Sadly, the social media profession is only one casualty of thousands. The kids are going to shop around for jobs, never staying put. And when it comes to social media, your experts of yesterday won’t be there tomorrow.

Social Media Alone Doesn’t Cut It

Social media marketing alone is not enough. There’s a lot more to marketing than just being social. Like it or not, you can’t ignore or disregard the other facets of marketing. For example, your website, without a doubt, needs SEO. SEO and social media are two entirely different things. Sure, someone with great content might capture others’ attention and get lots of links, but you have no idea how many other tweaks you might be able to apply to your website to bring highly targeted and relevant traffic. Links are just one currency of the web.

What about the creativity that is now required of you? Yup, you can’t just chat with people on Twitter and broadcast on Facebook. You can’t just IM your friends begging for votes via the backchannel. You can’t only write comments on forums. The creative element is absolutely necessary. Social media needs to be coupled with a creative strategy for maximum effectiveness, especially as everyone and their mothers join these sites and services to market themselves, their services, or their products.

It’s lofty to consider social media as your only marketing aim. Your best bet is to consider an integrated marketing plan that consists of social media and other marketing tactics, because the act of just being nice to people online won’t bring you conversions.

People Want More

If the chart above is any indication, it’s without question that social media has grown by leaps and bounds. Social media marketing, too, is now a reality for many. The virtual space is becoming a real viable way to market. With the rise of social media is the expectation that social media information should be in abundance — with all the takeaways. However, expecting freebies all the time is audacious.

Market saturation brings lots and lots of experts, many of whom think Twitter is a shiny new object and are ready to write books, charge $2000 for conferences where they promise TWITTER TIPS AND TRICKS THAT NOBODY HAS SEEN BEFORE (in caps!), or offer consulting immediately after getting 20k followers via using automated friend adder applications. After all, there are millions of other users — like grandma who doesn’t even own an iPad, let alone a computer — who can still harness its potential.

Social media marketing of four years ago, when nobody was around, was simply easier. That’s because, as touched upon earlier, the audience was more trusting; the people who were online were there because they wanted to be there. They weren’t there because they wanted to take something in the form of a sale. And to attract new audience members, the earlier strategists would share a lot more. In 2010, with eleventy billion new experts, the “experts” of the early days are no longer interested in giving away social media trade secrets, and you won’t find them shared openly online. Want them? You’ll need to work long and hard for them, but nobody is going to hand them to you on a silver platter any longer. The fruits of their labor stay well hidden away to avoid being abused by everyone who capitalizes on a new finding that someone else worked hard at discovering.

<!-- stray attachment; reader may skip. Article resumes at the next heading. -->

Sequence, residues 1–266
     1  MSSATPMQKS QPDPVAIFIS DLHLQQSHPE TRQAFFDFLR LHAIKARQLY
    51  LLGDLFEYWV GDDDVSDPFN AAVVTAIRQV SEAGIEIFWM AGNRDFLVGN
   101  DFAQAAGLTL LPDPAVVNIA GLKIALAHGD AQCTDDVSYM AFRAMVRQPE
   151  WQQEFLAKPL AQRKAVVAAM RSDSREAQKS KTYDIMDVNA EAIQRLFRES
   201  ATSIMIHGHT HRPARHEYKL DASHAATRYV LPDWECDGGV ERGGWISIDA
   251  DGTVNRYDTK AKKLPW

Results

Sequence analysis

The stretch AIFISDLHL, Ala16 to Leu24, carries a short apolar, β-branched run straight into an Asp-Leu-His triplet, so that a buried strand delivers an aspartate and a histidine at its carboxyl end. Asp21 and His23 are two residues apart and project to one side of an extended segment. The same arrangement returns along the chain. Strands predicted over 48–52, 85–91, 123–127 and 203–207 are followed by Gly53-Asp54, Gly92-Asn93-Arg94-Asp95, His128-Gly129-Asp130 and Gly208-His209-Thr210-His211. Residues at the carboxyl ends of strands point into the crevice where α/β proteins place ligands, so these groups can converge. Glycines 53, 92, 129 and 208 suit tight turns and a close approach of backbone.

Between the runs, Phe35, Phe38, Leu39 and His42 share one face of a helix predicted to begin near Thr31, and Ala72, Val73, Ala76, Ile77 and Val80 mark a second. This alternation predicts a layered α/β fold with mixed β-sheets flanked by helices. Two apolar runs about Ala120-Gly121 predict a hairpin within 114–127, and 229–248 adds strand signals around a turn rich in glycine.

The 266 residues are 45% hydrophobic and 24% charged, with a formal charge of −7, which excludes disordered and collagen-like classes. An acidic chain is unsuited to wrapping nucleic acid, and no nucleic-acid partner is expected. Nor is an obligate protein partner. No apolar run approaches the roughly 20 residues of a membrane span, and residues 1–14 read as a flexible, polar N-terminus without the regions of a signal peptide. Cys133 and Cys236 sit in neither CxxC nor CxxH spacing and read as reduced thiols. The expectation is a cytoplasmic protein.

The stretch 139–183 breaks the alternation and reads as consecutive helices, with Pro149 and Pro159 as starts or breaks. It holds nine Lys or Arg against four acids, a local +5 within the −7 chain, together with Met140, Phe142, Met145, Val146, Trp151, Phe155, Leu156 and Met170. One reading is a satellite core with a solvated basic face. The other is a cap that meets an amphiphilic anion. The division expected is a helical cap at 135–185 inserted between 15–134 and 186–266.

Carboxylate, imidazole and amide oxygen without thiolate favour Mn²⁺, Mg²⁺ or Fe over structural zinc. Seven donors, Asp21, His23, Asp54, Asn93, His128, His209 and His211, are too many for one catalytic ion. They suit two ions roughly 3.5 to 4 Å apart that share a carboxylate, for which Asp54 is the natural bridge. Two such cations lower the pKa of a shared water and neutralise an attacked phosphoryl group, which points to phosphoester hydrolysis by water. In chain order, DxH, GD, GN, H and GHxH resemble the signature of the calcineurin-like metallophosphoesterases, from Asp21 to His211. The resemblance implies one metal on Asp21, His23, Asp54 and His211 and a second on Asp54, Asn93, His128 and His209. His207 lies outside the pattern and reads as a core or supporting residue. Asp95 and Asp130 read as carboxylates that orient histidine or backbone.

Expecting that those blogging on behalf of social media have a responsibility to give you freebies is, frankly, highly inconsiderate. There are enough freebies here and in other blogs and books. Bloggers already give a substantial amount of their time, so asking for more is just wrong. Bloggers in social media don’t owe anyone else anything, nor do any other bloggers who provide expertise, for that matter.

If you give your tricks away to everyone, they’ll quickly be beaten, abused, and exploited. In a few days, after newbie marketers jump like giddy schoolchildren to try out these grandiose tricks, they’ll become ineffective. That’s exactly why social media bloggers blog in generalities. Those of you rude enough to want to demand more: consider yourself lucky that you’re better than the content provided online. I’m still reading content every day — even the stuff I already know — to consistently grow. Why? Because we can never actually be experts. We can always be learning, and sometimes that requires us to read the same things phrased differently, to get content in the form of a refresher course, to remember that social media still has the human element at its core. The nuances related to how YOU can build your business further — with specific details related to a single campaign that has no relevancy to 95% of the others — are not going to be publicly shared, because that’s stuff that you need to figure out on your own. We all have to put food on our families‘ tables, so sometimes we might have to charge for deeper insights. Demanding more is selfish.

In the absence of detailed direction and secrets provided by social media bloggers, people give up. Sorry, you can’t always lean on your “friends” to help you navigate your territory. You actually need to do the work yourself now. Surgeons don’t just pull up a website in the middle of the operating room when they’re in a rut. Sometimes “social media experts” just can’t do that either. There comes a time when all the information you get online is content you already know. At that point, you might start feeling Fed Up. If you’re still seeking the answers from others, then I’m really sorry. We found the answers by working hard. Maybe you should too.